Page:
In our last post we saw why putting anxiety recovery at the top or your to do list or bucket list is so important. Today we look at how to actually psyche yourself up about your recovery from anxiety. How to get really pumped up about it so you can actually do it and succeed 🙂 Ready? Let’s dig right in..
Picture yourself in the future. How will you feel in 2 years if you keep on the way you are now? 5 years? Will your world be even more constricted? Will life be harder? Ask yourself: Do I really want to go to that dark place where I will very likely wind up if I don’t make a change today?
Now, vividly see yourself in the future without having anxiety. What will it feel like for you to live free of panic attacks or social anxiety in 2 years? 10 years?
See yourself living a wonderfully full and awesome life without the burden of anxiety. Write down the delicious details and revisit them whenever you feel tempted to give up on your anxiety recovery.
Tell someone you trust. If you tell someone who you love and trust that you are once and for all going to go for it and try to stop panic attacks or beat your anxiety, they will most likely check in with you and ask how it’s going from time to time.
Also by putting it out there to someone, you are putting a kind of pressure on yourself that is like a promise that you have to keep. Please be sure the person you confide in is supportive and positive. If the person you love and trust the most happens to be a negative Nelly, then post about your resolve to get better on an anxiety forum where you feel safe and supported.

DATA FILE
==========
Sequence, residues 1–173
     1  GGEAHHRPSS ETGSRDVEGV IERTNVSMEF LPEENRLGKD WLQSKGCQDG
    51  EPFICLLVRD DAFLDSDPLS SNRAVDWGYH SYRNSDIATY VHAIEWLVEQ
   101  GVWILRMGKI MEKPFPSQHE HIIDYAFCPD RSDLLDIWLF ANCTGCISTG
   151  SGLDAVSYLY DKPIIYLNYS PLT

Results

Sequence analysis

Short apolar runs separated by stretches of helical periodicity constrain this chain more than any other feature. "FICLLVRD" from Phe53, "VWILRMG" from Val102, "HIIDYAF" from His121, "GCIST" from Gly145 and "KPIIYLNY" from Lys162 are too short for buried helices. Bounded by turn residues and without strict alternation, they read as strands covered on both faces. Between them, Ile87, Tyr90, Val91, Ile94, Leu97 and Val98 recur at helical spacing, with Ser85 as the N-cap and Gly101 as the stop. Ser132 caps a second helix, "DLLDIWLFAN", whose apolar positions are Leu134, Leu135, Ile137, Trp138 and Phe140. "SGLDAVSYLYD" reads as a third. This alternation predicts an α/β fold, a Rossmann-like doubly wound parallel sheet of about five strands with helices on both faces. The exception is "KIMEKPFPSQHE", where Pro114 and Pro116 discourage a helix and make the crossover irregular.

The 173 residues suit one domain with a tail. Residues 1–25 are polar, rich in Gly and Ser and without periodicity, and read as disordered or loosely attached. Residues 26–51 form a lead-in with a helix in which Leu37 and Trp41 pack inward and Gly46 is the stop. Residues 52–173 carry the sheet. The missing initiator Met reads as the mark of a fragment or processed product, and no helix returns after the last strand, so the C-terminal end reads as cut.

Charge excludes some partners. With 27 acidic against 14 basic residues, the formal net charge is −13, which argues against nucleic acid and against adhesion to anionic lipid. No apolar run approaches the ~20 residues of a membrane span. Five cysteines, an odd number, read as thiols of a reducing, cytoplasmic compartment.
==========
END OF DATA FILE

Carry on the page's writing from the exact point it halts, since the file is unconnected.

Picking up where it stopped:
You can even post about it here in the comments section. You can bet I’ll check up on you 🙂
Want what others who have gone through anxiety recovery have. Read books that inspire you of people that have seriously overcome their panic and anxiety and went on to lead successful lives. I do love From Panic to Power by Angela Bassett because she not only tells about her struggles, she gives practical tips that really work for anxiety sufferers. I also love Hope and Help for Your Nerves, or anything by the late Dr. Claire Weekes. This pioneer of anxiety recovery actually struggled with anxiety herself.
You can find other books by searching on Amazon and reading the customer reviews. You can also follow blogs of people who are actively working on their anxiety recovery to see how they do it, and follow along.
Know that small changes = big improvements.
Recovery from anxiety is a gradual process and it will not happen overnight, so please don’t expect it to. But small changes feel great and they are easily accomplished, because we don’t set our sights too high. Making one small change and sticking to it for say a week will have a lasting effect on you.
For example, if you struggle with social anxiety and one of your small goals is to learn how to be comfortable with eye contact, you can break it down into manageable chunks of progress:
For one week, commit yourself to making eye contact, even if brief, with 5 people you encounter every day, and have a pleasant smile on your face. Do it for one week.
The glow you will feel committing to and achieving this small goal will propel you forward to your next goal, which may be asking someone a question while maintaining eye contact. Rinse and repeat.
Take it one day at a time. Break your day down into 24 hour increments. Actually we’re only awake for about half of that 🙂
Commit to your anxiety recovery one day at a time. Remember you can do anything for a day. You can be bold in the face of your anxiety. You can venture out a little outside of your comfort zone and be ok. Seeing your recovery from anxiety in this way makes it much more manageable.
It takes it from insurmountable to actually doable. One day is a tiny blip of time in your life. And you don’t have to do everything today.
But you can do one little thing and move forward. And tomorrow when you wake up, you can recommit yourself to your recovery for another 24 hours and do one more little thing…
Are you psyched? Good! Now go ahead and get started on your anxiety recovery. You can do it!
I wish you peace,